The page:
“[T]he plain language of Rule 56(c) mandates the entry of summary judgment, after adequate time for discovery and upon motion, against a party who fails to make a showing sufficient to establish the existence of an element essential to that party's case, and on which that party will bear the burden of proof at trial.” Celotex, 477 U.S. at 322. “Of course, a party seeking summary judgment always bears the initial responsibility of informing the district court of the basis for its motion, and identifying those portions of ‘the pleadings, depositions, answers to interrogatories, and admissions on file, together with the affidavits, if any, ' which it believes demonstrate the absence of a genuine issue of material fact.” Id., at 323. As such, when the non-moving party bears the initial burden of proving, at trial, the claim or defense that the motion for summary judgment places in issue, the moving party can meet its initial burden on summary judgment "by 'showing'-that is, pointing out to the district court-that there is an absence of evidence to support the nonmoving party's case." Id., at 325. Conversely, when the burden of proof at trial rests on the party moving for summary judgment, then in moving for summary judgment the party must establish each element of its case.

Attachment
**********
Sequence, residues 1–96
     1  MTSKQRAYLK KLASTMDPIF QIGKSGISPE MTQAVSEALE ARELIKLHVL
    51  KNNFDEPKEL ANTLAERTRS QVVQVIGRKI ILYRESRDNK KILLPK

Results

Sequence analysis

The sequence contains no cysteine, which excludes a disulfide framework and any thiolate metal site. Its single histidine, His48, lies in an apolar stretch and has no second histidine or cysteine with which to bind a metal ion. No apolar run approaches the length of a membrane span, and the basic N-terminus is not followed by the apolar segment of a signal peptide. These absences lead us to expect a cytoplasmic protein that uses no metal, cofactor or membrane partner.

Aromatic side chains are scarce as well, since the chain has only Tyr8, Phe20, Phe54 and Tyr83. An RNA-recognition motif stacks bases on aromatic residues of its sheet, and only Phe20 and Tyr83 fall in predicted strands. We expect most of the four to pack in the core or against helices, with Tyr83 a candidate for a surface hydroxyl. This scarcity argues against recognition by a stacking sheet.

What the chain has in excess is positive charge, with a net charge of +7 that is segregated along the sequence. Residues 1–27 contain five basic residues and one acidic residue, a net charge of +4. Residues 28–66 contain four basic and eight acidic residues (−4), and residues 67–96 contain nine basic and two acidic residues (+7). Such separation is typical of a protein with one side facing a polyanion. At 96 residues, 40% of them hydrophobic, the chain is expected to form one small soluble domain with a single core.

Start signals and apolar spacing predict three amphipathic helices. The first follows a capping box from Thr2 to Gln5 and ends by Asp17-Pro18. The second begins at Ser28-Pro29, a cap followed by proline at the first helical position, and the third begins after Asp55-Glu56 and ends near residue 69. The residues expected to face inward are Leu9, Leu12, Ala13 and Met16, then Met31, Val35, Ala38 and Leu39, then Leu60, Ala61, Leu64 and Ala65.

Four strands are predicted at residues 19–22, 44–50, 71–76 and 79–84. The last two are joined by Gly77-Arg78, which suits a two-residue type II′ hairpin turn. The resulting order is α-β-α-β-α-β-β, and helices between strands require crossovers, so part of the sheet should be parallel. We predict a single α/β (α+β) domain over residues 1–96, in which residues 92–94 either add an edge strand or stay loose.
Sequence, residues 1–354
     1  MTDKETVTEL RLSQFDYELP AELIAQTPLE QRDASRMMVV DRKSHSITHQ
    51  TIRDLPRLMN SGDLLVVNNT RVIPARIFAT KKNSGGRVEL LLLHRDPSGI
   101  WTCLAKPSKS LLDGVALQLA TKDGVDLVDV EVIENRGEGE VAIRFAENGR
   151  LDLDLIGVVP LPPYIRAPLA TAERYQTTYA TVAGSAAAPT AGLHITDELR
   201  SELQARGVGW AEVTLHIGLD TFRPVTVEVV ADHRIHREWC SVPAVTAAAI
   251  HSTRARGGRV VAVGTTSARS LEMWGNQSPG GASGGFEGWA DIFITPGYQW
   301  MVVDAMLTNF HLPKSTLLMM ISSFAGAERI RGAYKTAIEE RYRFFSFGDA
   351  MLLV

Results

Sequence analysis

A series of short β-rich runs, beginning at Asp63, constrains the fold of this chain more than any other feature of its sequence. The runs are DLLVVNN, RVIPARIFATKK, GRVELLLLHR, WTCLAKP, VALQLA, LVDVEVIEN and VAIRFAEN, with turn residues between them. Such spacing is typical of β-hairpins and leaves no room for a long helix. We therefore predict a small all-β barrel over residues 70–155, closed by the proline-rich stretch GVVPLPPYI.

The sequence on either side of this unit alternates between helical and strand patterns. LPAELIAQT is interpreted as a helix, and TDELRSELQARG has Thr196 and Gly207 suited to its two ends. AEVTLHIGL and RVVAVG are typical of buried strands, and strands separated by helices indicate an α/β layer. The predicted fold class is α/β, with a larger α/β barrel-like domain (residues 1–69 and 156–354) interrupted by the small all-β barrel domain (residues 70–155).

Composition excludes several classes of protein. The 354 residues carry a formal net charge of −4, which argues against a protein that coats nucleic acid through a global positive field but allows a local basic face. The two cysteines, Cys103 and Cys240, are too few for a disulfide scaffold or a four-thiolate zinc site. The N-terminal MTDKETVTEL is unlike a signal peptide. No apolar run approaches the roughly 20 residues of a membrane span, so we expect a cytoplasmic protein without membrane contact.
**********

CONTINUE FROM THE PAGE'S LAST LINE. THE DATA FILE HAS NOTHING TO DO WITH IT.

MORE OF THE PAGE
Once the moving party meets its initial burden on summary judgment, the non-moving party must submit facts showing a genuine issue of material fact. Fed. R. Civ. Pro. 56(e); Nissan Fire & Marine Ins. Co. v. Fritz Companies, Inc., 210 F.3d 1099, 1103 (9th Cir. 2000). As summary judgment allows a court "to isolate and dispose of factually unsupported claims or defenses, " Celotex, 477 U.S. at 323-24, the court construes the evidence before it "in the light most favorable to the opposing party." Adickes v. S. H. Kress & Co., 398 U.S. 144, 157 (1970). The allegations or denials of a pleading, however, will not defeat a well-founded motion. Fed. R. Civ. Pro. 56(e); Matsushita Elec. Indus. Co. v. Zenith Radio Corp., 475 U.S. 574, 586-87 (1986). That is, the opposing party cannot “‘rest upon the mere allegations or denials of [its] pleading' but must instead produce evidence that ‘sets forth specific facts showing that there is a genuine issue for trial.'” Estate of Tucker v. Interscope Records, 515 F.3d 1019, 1030 (9th Cir. 2008) (quoting Fed. R. Civ. Pro. 56(e)).

         Analysis

         The initial issue before the Court is whether SB 241 is a content based restriction on speech, viewpoint or expression. “[T]he crucial first step in the content-neutrality analysis [is] determining whether the law is content neutral on its face. A law that is content based on its face is subject to strict scrutiny regardless of the government's benign motive, content-neutral justification, or lack of ‘animus toward the ideas contained' in the regulated speech.” Reed v. Town of Gilbert, __U.S.__, 135 S.Ct. 2218, 2228 (2015) (citing Cincinnati v. Discovery Network, Inc., 507 U.S. 410, 429 (1993)).

         Absent from the Associations' arguments is any citation to any decision finding that a similar regulation or provision constitutes ...